Don’t State the Facts, Tell An Environmental Story

By | April 24, 2012 at 7:06 pm | One comment

Photo by Solokom via flickr

We’re all living life on the edge. Climate change has made it so that our weather patterns our becoming more and more unpredictable. Hurricanes, tornadoes, and other extreme events are more common than ever. They hold the power to destroy homes, families, and your way of living in a matter of seconds. They are able to take everything you like and turn it into a pile of rubble without any thought. With all of this on the line, don’t you want to stop it? Don’t you want to do whatever you can to ensure that your livelihood is safe and secure?

Deep stuff, eh? When you read that, you may have felt something that didn’t come from your head. More likely, it came from your heart – a place where we feel our emotions. And within environmental research, we’re beginning to understand this a whole lot better – and how to apply it to the messages we want to convey.

All too many times, I’ve been to conferences where people have said, “We need to increase awareness. If people know about this, they would change their ways.” As lovely as that thought is, it’s not the answer.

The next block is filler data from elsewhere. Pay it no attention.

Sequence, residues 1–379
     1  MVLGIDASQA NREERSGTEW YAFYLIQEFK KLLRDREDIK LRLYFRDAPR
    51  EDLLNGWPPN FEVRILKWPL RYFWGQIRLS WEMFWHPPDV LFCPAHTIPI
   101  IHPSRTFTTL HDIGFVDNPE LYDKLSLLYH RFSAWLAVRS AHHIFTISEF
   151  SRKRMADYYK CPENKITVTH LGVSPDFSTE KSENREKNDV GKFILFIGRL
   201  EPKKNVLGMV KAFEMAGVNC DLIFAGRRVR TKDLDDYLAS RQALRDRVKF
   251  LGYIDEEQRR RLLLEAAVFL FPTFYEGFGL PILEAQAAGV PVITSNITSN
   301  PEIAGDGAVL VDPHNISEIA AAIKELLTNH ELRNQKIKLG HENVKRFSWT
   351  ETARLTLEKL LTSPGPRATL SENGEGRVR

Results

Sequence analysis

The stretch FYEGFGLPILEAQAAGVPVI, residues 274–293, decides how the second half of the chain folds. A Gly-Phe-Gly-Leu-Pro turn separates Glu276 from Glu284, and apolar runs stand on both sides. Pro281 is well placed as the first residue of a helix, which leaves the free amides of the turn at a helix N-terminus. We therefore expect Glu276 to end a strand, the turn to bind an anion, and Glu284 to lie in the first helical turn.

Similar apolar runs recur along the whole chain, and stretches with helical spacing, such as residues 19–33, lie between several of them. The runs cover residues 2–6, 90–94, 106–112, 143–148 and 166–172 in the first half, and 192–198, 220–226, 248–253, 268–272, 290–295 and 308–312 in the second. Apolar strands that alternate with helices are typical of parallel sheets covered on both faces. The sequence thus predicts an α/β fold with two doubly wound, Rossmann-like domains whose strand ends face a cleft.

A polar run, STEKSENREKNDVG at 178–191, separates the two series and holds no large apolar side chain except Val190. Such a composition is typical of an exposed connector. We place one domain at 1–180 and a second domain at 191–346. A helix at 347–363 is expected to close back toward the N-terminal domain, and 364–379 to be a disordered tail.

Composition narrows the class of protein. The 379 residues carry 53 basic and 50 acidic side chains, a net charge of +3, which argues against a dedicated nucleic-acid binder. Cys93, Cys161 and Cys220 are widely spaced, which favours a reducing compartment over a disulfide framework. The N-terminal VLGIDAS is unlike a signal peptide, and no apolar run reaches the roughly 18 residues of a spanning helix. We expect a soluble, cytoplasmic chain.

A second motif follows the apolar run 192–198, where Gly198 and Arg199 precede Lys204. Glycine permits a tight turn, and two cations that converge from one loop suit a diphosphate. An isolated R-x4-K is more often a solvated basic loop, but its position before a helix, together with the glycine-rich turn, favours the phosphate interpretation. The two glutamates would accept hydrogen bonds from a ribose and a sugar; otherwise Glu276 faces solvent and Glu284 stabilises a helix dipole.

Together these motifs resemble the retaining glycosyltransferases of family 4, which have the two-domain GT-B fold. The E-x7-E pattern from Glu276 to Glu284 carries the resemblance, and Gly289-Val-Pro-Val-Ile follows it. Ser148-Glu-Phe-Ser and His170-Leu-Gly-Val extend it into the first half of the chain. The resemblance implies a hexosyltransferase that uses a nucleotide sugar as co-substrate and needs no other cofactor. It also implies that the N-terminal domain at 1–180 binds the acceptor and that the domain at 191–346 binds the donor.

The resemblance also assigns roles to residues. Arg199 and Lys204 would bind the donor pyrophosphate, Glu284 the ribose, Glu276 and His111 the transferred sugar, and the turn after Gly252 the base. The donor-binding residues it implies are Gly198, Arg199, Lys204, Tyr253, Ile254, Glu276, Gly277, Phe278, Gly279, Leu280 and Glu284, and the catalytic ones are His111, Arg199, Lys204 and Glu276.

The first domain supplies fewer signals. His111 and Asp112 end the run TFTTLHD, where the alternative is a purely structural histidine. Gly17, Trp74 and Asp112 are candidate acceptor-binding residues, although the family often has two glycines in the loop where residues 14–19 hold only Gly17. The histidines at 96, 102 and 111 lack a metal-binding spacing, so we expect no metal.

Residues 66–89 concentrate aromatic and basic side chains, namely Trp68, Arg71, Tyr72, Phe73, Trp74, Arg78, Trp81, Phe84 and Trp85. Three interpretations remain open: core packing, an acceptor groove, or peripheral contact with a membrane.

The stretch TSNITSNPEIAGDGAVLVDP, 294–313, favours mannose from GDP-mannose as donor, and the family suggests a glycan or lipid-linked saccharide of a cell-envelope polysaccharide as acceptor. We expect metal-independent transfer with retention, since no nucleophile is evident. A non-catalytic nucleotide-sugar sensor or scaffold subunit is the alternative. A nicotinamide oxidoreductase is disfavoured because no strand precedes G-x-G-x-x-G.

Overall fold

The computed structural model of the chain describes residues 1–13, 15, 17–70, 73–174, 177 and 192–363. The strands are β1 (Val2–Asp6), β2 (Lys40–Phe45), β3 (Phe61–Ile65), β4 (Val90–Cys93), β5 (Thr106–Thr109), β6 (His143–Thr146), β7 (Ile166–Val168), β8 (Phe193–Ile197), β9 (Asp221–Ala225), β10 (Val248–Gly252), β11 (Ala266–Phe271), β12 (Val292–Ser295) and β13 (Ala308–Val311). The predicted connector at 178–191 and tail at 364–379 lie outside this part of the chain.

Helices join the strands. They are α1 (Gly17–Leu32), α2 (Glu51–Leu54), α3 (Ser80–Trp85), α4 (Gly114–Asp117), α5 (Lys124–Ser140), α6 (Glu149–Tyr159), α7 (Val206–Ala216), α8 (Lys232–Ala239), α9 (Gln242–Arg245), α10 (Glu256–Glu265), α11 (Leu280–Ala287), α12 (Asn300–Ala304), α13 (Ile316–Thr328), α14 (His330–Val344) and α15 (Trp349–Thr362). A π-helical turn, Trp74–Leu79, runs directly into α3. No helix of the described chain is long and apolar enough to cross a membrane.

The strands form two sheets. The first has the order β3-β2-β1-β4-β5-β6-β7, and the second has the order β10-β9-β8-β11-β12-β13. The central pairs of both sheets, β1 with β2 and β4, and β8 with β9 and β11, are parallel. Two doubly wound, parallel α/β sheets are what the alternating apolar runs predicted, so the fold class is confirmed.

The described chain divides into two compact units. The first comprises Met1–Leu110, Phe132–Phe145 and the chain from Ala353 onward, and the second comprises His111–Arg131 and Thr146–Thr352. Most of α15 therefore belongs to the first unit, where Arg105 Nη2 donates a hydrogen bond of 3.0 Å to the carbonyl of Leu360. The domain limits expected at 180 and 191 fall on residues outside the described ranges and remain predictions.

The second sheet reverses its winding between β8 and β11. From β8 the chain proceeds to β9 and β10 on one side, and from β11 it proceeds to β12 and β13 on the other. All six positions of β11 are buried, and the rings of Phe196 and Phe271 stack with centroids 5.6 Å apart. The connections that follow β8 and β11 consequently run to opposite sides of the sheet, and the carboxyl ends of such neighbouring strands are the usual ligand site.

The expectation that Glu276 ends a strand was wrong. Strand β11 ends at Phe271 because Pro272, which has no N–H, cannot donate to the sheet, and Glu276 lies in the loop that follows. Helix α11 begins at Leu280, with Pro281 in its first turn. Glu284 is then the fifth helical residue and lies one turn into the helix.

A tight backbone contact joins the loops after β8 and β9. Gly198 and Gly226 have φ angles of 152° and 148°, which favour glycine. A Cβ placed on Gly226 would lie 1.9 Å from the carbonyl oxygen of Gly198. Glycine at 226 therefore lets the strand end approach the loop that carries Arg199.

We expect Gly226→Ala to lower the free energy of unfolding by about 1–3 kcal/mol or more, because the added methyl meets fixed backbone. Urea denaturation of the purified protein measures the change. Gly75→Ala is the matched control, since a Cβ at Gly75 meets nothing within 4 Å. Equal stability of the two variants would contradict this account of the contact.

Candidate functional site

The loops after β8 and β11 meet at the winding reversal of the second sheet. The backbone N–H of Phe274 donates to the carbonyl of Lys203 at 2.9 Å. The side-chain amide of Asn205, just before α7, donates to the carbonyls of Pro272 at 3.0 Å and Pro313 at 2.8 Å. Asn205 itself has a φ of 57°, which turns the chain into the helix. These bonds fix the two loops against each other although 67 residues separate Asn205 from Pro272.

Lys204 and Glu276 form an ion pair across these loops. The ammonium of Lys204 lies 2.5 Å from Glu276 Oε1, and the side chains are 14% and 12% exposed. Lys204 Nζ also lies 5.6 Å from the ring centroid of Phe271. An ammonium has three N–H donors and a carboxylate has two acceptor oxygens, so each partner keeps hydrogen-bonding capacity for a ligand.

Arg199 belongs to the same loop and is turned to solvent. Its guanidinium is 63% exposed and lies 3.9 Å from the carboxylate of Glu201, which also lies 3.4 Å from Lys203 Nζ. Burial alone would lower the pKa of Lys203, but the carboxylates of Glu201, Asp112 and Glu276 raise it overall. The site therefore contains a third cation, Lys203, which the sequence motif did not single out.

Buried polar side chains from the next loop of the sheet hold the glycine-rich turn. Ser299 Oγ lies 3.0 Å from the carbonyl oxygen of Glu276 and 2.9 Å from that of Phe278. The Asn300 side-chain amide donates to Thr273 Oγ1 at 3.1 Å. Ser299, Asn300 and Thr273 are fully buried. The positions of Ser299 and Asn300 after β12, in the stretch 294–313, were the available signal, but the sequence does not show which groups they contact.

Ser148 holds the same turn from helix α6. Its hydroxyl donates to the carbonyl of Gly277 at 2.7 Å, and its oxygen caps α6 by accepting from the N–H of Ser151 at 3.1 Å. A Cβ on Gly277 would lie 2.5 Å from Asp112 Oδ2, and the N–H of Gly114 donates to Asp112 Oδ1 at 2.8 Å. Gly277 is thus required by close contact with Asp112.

That approach is falsified by your heart and your gut – in other words, your emotions. In that first paragraph, I didn’t state the facts linking climate change to extreme weather events. I told you a story instead – one that appeals to your values. In the end, that’s what we all base our decisions off of – whether or not the information we hear can relate to the things we truly care about.

That being said, I think we are completely capable of communication the issues that plague our environment with our values in mind. Without proper environmental stewardship, we risk losing the resources we depend on for our everyday necessities. If we continue polluting our rivers, we won’t have fresh water to drink. If we keep pumping greenhouse gases into the air, we will start having trouble breathing (I’ve heard many first-hand stories about air pollution in cities – it’s quite disheartening).

If we tell these stories – through personal reflections, and using our heart (emotions), gut (humour), or even through sex appeal – we may be more effective in getting that information out to others who thought their lives had nothing to do with the environment.

Simply telling people information won’t cut it – and so, dear ecolutionists, I implore you to take your thoughts one step further. Tell a story. Make people laugh or cry. And remember that people love to be emotionally stimulated just as much as you do.

One Comment

  1. Environmentalists: Please Stay Humble! | ecolutionist (5 years ago)

    […] that teaching can’t be done without keeping each other’s values in mind (as touched upon in my last article), and this includes some basic […]

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